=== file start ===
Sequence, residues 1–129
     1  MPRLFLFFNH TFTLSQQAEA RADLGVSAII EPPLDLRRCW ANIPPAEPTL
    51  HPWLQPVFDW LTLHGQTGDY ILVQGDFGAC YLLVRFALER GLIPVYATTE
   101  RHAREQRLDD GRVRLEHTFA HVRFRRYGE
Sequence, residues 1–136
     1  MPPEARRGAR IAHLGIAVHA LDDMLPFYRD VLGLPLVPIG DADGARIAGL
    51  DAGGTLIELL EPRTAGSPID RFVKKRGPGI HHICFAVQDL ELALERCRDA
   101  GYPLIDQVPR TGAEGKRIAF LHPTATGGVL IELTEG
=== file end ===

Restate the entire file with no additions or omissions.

Sequence, residues 1–129
     1  MPRLFLFFNH TFTLSQQAEA RADLGVSAII EPPLDLRRCW ANIPPAEPTL
    51  HPWLQPVFDW LTLHGQTGDY ILVQGDFGAC YLLVRFALER GLIPVYATTE
   101  RHAREQRLDD GRVRLEHTFA HVRFRRYGE
Sequence, residues 1–136
     1  MPPEARRGAR IAHLGIAVHA LDDMLPFYRD VLGLPLVPIG DADGARIAGL
    51  DAGGTLIELL EPRTAGSPID RFVKKRGPGI HHICFAVQDL ELALERCRDA
   101  GYPLIDQVPR TGAEGKRIAF LHPTATGGVL IELTEG